Saturday August 28, 2004 - Sime Darby Bhd's unaudited results for the yearended June 2004 were within expectations. In addition, the management saysearnings for financial year 2005 are likely to grow by an uninspiring 3%to 4%. Naturally, most of the analysts' latest recommendations are equallytepid.
27906. 28/08/2004
27907. 27/08/2004
8/26/2004 BNamericas.com - Brazil's federal government is planning toreduce taxes on biodiesel to encourage the use of the alternative fuel inthe country, local press reported.
27908. 27/08/2004
SAO PAULO (Dow Jones)--Brazil's soybean farmers chose to hold on tostocks over the last week, largely ignoring gains in local andinternational prices, traders said."You always get a little business but farmers are now inclined to waitto see how far prices will rise," said David Brew of the PortoAlegre-based Brasoja brokerage.At the port of Paranagua, soybeans were trading at 44.00 to 44.50Brazilian reals per 60-kilogram bag ($1=BRL2.95) on Thursday, rising fromBRL41.50 to BRL42.50 last week.Gains would have been greater were it not for the strengthening of theBrazilian real, quoted at 2.95 to the dollar on Thursday compared with2.99 some seven days before.Farmers appear not to have a strike price at which they are willing tosell, traders said. Rather, they are waiting to see the extent of thelosses to the U.S. crop and then calculate possible gains, said SteveCachia of the Curitiba-based Cerealpar brokerage.Farmers will probably begin to sell more of their crop once the billsfor next-crop inputs start coming due in September, Brasojas Brew added.Traders registered exports of just 180,000 metric tons in the firsthalf of August, well down from the 478,000 tons sold in the previous 15days and down from the 651,000 tons sold over the same period last year.Farmers are also reticent about selling next years crop. Brazil'sproducers had sold just 4% of their potential-record 2004-05 soybean crop(October-September) up to last Friday compared with 21% at the same stagelast year, according to local agricultural consultants Celeres.Business was strongest at port over the last two days.Discounts for September soybean shipments from Paranagua againstSeptember soybean futures on the Chicago Board of Trade stood at 65 centsto 75 cents over during the past week, compared with $0.50 to $0.60 perbushel quoted the week before.After six months of record discounts in the post-harvest period,stronger demand from Asia is bolstering strong premiums, traders said."And with farmers holding out to sell, this situation may continueinto the start of next year," said one Sao Paulo-based trader.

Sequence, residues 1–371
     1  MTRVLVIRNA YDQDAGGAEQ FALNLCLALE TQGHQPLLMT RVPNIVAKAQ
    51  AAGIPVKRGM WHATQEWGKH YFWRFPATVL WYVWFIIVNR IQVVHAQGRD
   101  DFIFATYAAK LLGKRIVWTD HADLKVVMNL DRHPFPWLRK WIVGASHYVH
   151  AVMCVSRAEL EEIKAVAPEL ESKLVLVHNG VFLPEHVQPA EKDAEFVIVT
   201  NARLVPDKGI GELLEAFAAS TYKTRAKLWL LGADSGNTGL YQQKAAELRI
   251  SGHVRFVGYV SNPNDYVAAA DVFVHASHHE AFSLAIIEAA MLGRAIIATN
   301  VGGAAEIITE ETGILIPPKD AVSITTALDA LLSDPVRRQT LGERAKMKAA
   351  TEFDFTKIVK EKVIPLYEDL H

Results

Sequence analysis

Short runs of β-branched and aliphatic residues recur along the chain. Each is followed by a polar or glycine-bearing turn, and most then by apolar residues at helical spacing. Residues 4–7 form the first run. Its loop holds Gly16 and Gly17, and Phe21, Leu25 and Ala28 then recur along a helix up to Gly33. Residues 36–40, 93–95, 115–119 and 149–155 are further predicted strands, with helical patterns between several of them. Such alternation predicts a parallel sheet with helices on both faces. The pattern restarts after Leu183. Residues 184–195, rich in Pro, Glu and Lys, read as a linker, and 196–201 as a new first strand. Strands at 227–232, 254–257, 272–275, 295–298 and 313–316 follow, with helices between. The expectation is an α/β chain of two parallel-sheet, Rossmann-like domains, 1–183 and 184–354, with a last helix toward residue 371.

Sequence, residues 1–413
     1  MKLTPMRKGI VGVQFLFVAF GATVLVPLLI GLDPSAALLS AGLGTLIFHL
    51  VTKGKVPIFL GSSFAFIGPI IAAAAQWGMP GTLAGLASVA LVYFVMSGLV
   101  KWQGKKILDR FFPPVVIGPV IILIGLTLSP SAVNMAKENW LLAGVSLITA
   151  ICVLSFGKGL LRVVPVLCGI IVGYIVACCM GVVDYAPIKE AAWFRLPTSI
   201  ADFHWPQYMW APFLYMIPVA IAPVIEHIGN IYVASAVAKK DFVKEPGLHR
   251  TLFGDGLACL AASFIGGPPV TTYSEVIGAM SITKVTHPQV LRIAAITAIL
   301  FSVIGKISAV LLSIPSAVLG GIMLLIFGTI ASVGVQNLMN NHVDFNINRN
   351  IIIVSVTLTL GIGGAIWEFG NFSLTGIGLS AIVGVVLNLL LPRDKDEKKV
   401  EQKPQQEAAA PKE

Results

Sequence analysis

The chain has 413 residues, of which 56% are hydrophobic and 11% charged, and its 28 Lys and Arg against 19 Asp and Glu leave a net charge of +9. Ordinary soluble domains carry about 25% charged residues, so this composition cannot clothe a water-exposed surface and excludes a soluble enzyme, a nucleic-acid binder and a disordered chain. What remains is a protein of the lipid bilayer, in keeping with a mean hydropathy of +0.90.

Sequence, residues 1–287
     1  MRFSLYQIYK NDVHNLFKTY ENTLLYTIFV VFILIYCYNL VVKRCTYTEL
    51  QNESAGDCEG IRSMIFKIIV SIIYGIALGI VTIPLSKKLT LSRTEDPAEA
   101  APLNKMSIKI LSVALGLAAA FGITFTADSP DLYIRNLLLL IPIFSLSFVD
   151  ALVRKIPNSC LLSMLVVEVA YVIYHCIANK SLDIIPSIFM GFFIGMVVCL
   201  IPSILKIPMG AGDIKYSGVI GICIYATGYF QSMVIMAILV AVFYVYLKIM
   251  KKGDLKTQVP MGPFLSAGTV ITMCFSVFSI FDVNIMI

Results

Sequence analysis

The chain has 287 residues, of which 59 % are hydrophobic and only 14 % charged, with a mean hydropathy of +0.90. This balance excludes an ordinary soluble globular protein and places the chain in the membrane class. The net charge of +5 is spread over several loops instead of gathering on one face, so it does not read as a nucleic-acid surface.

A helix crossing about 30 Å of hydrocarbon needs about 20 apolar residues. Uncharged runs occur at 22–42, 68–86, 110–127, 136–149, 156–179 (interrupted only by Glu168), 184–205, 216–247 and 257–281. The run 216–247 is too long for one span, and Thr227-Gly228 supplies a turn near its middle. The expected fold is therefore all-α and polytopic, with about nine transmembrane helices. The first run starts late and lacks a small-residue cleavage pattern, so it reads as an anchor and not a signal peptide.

27909. 27/08/2004
BEIJING, Aug 26 Asia Pulse - It is expected that China's oil crops supplywill be sufficient in the 2004/2005 year, and the supply of edible oil mayeven go surplus.
27910. 27/08/2004
WASHINGTON (Dow Jones)--China, responding to concerns raised by U.S.government officials, has offered assurances that its new agricultureimport regulations "will not interfere with trade in U.S. soybeans andother commodities," the U.S. Department of Agriculture and the Office ofthe U.S. Trade Representative said Thursday.Chief U.S. Agriculture Negotiator Allen Johnson said in a preparedstatement: "The assurances provided by the government of China todayshould help alleviate the concerns of farmers and exporters as theyprepare for the fall harvest and shipping season."Those assurances, delivered to the U.S. via Lan Lijun, China's actingambassador to the U.S., were presented Thursday to Johnson an USDA UnderSecretary J.B. Penn."Soybeans are America's largest export crop, and China is the largestsoybean export market," Penn said. "Continued access to the Chinese marketis a high priority for American agriculture, and this administration isworking to ensure that China continues to abide by its market accesscommitments."Despite China's assurances, Johnson and Penn said they will continueto request that China rescind a new rule it enacted that requires allcontracts for soybean imports and other products be subject to thequarantine entry process and include Chinese quarantine requirements as acontract term. The U.S. exported $2.9 billion worth of soybeans to Chinain 2003, according to the USDA.